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Subject: RE: Did Merle write Sixteen Tons? Maybe.
From: catspaw49
Date: 10 Oct 07 - 01:54 AM

From an Ernie site:

"In September, reeling from a demanding road and television production schedule, Ernie was informed by Capitol that he was approaching breach of contract. He needed to record two sides for a single release immediately. Armed with a box of fan mail, Cliffie Stone convinced Capitol head Lee Gillette to allow Ernie to record "Sixteen Tons", and Gillette agreed; it would be the B side of a country-blues swinger titled "You Don't Have To Be A Baby To Cry", a tune that Gillette and others at the label believed would be Ernie's biggest hit yet. On September 17, 1955, both songs are recorded at Capitol's Melrose Avenue Studios in Hollywood. To kick off the tempo for arranger Jack Fascinato, Ernie began snapping his fingers...mistakenly left on the master tape by Gillette and the engineers."

Spaw


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Subject: RE: Did Merle write Sixteen Tons? Maybe.
From: Joe Offer
Date: 10 Oct 07 - 04:49 AM

You Don't Have to Be a Baby to Cry was a modest hit for a girl group called the Caravelles. I can't quite picture Tennessee Ernie Ford singing it, if it's the same song.
-Joe-

P.S. Barbara Shaw, I enjoyed the samples of your recording.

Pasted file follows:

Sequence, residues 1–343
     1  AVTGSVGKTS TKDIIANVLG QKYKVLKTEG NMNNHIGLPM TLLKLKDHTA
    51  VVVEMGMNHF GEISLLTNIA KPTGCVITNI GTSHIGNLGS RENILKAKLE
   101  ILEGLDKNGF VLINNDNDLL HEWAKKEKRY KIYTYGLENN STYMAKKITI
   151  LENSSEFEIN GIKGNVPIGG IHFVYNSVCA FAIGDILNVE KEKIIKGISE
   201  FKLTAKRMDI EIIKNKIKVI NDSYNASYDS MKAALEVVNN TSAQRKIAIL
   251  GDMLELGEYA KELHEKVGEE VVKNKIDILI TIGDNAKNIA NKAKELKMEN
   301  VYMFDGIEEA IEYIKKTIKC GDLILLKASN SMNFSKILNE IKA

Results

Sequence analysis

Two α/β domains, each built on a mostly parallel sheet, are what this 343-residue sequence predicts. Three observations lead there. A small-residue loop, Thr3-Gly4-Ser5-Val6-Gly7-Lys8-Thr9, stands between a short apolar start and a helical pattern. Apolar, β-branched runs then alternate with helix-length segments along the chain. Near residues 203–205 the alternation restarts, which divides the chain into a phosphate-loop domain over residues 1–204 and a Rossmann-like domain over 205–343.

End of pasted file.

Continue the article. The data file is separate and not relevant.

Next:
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Subject: RE: Origins: Sixteen Tons (Merle Travis?)
From: GUEST,.gargoyle
Date: 12 Oct 07 - 03:00 AM

Repeat Question

Mr. Catspew49 - October 09, 2007, 6:57 WHAT IS YOUR SOURCE?????

Sincerely,
Gargoyle

previous posting with Wiki-link appears to have been removed by a clone-on-the-throne.


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Subject: RE: Origins: Sixteen Tons (Merle Travis?)
From: catspaw49
Date: 12 Oct 07 - 03:42 AM

You really are a dipfuck Garg.......You can find at least half a dozen with ease that match the one I posted because I checked before I posted it, There are many others which are similar with only one or two variants and NONE, repeat for your Royal Dumbfuckedness --- NONE, that mention "16 Tons" which was the point of the post. That one I believe came from HERE.

You may now rest easy and continue in your constantly failing efforts to remove your head from the depths of your incredibly lame ass.

(Happy to) Spew (all over you)


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Subject: RE: Origins: Sixteen Tons (Merle Travis?)
From: GUEST,jim gillson
Date: 17 Nov 07 - 05:52 PM

Sixteen Tons
(attributed to George Davis)

Chorus:
I loaded sixteen tons and what do I get
Another day older and deeper in debt.
Saint Peter don't call me cause I can't go
I owe my soul to the company store.

I was born one morning, was a drizzling rain
A fussing and fighting ain't my middle name.
Well they raised me in a corner by a Mammy hound
I'm as mean as a dog but I'm as gentle as a lamb.
Chorus

Well I got up one morning, the sun didn't shine,